Editor’s Note: Oset Babur is an editor and culture writer whose work has appeared in Teen Vogue, Vice and The Guardian. She is the co-founder of the Thirty-One Percent, a project that publishes unconventional interviews with women who have started businesses in the greater Boston area. The views expressed in this commentary are solely hers.
When I see a well-known male figure in entertainment, politics or media trending on Twitter because of sexual harassment allegations, my heart sinks. Him? But he seemed like one of the good ones? Then comes the onslaught of tone-deaf think pieces, such as Andrew Sullivan’s take on the #MeToo movement in The Daily Intelligencer in which he decrees that secretly removing a condom during sex or drunkenly badgering female colleagues via text message are really just “minor offenses.” Pieces such as Sullivan’s brutally analyze and, in the worst cases, litigate the veracity of claims made by the woman (or women) who have come forward to share experiences of abuse or assault.
The far less predictable next step in this process is public response to the story. In 2018, social norms around male-female interaction are shifting, and behaviors that were once overlooked, sometimes even excused, are now being discussed, dissected and re-evaluated.
On Saturday, a story appeared on the website Babe about a female photographer’s experience meeting and going on a date with comedian Aziz Ansari. The photographer (known as “Grace” for anonymity) alleges that Ansari persistently pressured her to engage in sexual activities that she was not comfortable with, aptly comparing his behavior to that of a “horny, rough, entitled 18-year old.”
Shortly after the allegations were made public, Ansari released a statement saying that the sexual activity “by all indications was completely consensual” and that he “was surprised and concerned” the next day upon realizing that Grace had felt uncomfortable.
In previous years, this comparison would have been the end to the story; Grace would have described the encounter to a few close friends and then buried the memory of another date night with a gross, disappointing guy deep down in her memory.
But in 2018, Ansari’s alleged behavior isn’t just gross or disappointing. That tired “boys will be boys” mantra is shattering right before our eyes – we’d hoped to shatter a glass ceiling, but this is just as critical. I’d go so far as to say that Donald Trump’s leaked “Access Hollywood” tape (the one in which he famously bragged about how his celebrity status afforded him the ability to grope women) was the first major crack in previously bulletproof “locker room” walls around the country. The Babe article and its depiction of Ansari’s behavior are opportunities to talk about how social norms around how men treat women in the workplace, on date night or over iMessage are shifting.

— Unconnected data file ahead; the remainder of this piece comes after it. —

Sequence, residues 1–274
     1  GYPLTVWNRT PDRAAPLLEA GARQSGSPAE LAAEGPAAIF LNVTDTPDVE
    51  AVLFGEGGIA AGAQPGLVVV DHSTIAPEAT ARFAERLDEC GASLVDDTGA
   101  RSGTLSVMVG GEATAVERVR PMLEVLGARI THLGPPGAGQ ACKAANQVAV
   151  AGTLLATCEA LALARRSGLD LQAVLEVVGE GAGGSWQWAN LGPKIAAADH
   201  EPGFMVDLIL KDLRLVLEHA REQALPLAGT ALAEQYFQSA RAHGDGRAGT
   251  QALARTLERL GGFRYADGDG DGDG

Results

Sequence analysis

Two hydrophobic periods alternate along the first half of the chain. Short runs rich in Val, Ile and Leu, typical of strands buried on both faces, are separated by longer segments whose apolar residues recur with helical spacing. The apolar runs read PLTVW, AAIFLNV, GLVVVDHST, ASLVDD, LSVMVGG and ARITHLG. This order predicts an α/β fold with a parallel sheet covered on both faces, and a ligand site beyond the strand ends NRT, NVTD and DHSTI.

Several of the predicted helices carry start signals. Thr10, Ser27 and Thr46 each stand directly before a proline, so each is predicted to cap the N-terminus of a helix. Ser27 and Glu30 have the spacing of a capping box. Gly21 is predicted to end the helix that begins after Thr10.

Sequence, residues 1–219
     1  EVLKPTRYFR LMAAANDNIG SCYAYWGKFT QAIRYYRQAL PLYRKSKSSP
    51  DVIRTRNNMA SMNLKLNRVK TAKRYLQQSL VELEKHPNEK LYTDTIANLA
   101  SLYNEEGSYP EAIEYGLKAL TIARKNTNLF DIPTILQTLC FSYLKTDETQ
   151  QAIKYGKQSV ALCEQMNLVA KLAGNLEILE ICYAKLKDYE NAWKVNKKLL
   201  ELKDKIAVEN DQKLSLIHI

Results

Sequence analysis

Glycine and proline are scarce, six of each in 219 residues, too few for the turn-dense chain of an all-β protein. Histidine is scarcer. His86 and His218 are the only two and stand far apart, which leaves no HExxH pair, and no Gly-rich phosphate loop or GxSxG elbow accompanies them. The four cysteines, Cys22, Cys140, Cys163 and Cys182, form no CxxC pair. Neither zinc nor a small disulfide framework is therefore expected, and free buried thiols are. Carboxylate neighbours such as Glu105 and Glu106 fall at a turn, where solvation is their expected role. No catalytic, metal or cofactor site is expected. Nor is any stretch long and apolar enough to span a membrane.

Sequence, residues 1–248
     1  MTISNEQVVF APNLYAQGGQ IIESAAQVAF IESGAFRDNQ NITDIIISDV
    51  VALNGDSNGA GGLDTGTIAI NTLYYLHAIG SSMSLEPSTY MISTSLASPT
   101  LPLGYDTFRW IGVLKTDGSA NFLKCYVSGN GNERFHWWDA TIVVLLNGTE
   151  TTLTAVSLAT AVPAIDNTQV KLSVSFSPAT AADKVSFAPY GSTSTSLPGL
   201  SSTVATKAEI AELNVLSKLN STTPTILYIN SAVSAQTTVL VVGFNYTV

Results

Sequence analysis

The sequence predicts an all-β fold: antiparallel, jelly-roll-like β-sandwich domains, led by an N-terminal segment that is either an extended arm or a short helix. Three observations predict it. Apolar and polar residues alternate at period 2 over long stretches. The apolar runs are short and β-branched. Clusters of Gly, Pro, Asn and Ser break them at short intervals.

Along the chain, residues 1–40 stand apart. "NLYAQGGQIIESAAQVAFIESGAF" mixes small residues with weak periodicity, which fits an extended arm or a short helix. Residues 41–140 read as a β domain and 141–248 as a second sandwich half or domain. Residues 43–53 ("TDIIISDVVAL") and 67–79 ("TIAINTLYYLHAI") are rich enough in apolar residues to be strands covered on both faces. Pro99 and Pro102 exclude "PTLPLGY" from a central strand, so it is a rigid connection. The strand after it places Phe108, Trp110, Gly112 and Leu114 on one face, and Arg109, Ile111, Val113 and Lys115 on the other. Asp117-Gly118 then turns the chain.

Guardian columnist and author Jessica Valenti perfectly summarized this shift by tweeting, “A lot of men will read that post about Aziz Ansari and see an everyday, reasonable sexual interaction. But part of what women are saying right now is that what the culture considers ‘normal’ sexual encounters are not working for us, and oftentimes harmful.”
Accounts of old Hollywood are often studded with outright misogyny – that, as numerous accounts attest, was just how things were in those days. Back then, comedians had a pass for brash, crude and sexist humor, just as directors had a pass to subject female colleagues to manipulative power plays.
Unwanted physical contact, assault or lewd comments certainly aren’t new today (and anyone who blithely asks, “Well why are all these women coming forward about this stuff only now?” is truly missing the point). It’s that the kinds of behaviors – pushiness about sex, groping or the casual use of diminutive language toward women – that previously would have been accepted as the norm are now being thrown into the public eye on a regular basis. It’s happening with less fear from the women who come forward, along with a mounting appetite to determine publicly what’s socially acceptable in these kinds of interactions.
It’s much easier to condemn notoriously lewd figures such as Harvey Weinstein, and it’s also important to remember that Weinstein’s decades of alleged assault was thoroughly investigated, vetted and proven to be a pattern. Weinstein has denied allegations of nonconsensual sex.
Grace is the only woman to accuse Ansari of inappropriate sexual behavior publicly, and Ansari apologized to her at the time. If more women step forward, escalate claims, and a Weinstein-esque pattern emerges, public opinion about Ansari should and will shift again. We need to continue to evaluate these stories on a case-by-case basis.
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Because Ansari identifies as a feminist and stands up for women’s rights, it can be especially hard to determine what is and isn’t acceptable about his behavior toward women. But it’s not about checking the box as “woke” by wearing a pin to the Golden Globe Awards. We need to acknowledge that we’re now in an era where interactions between men and women are being analyzed through an entirely different lens. It’s a shift that’s overdue, and it’s one that doesn’t seem to be slowing anytime soon – but with any luck, women 50 years from now will look back on 2018 as the year when “the way things were done” started to change.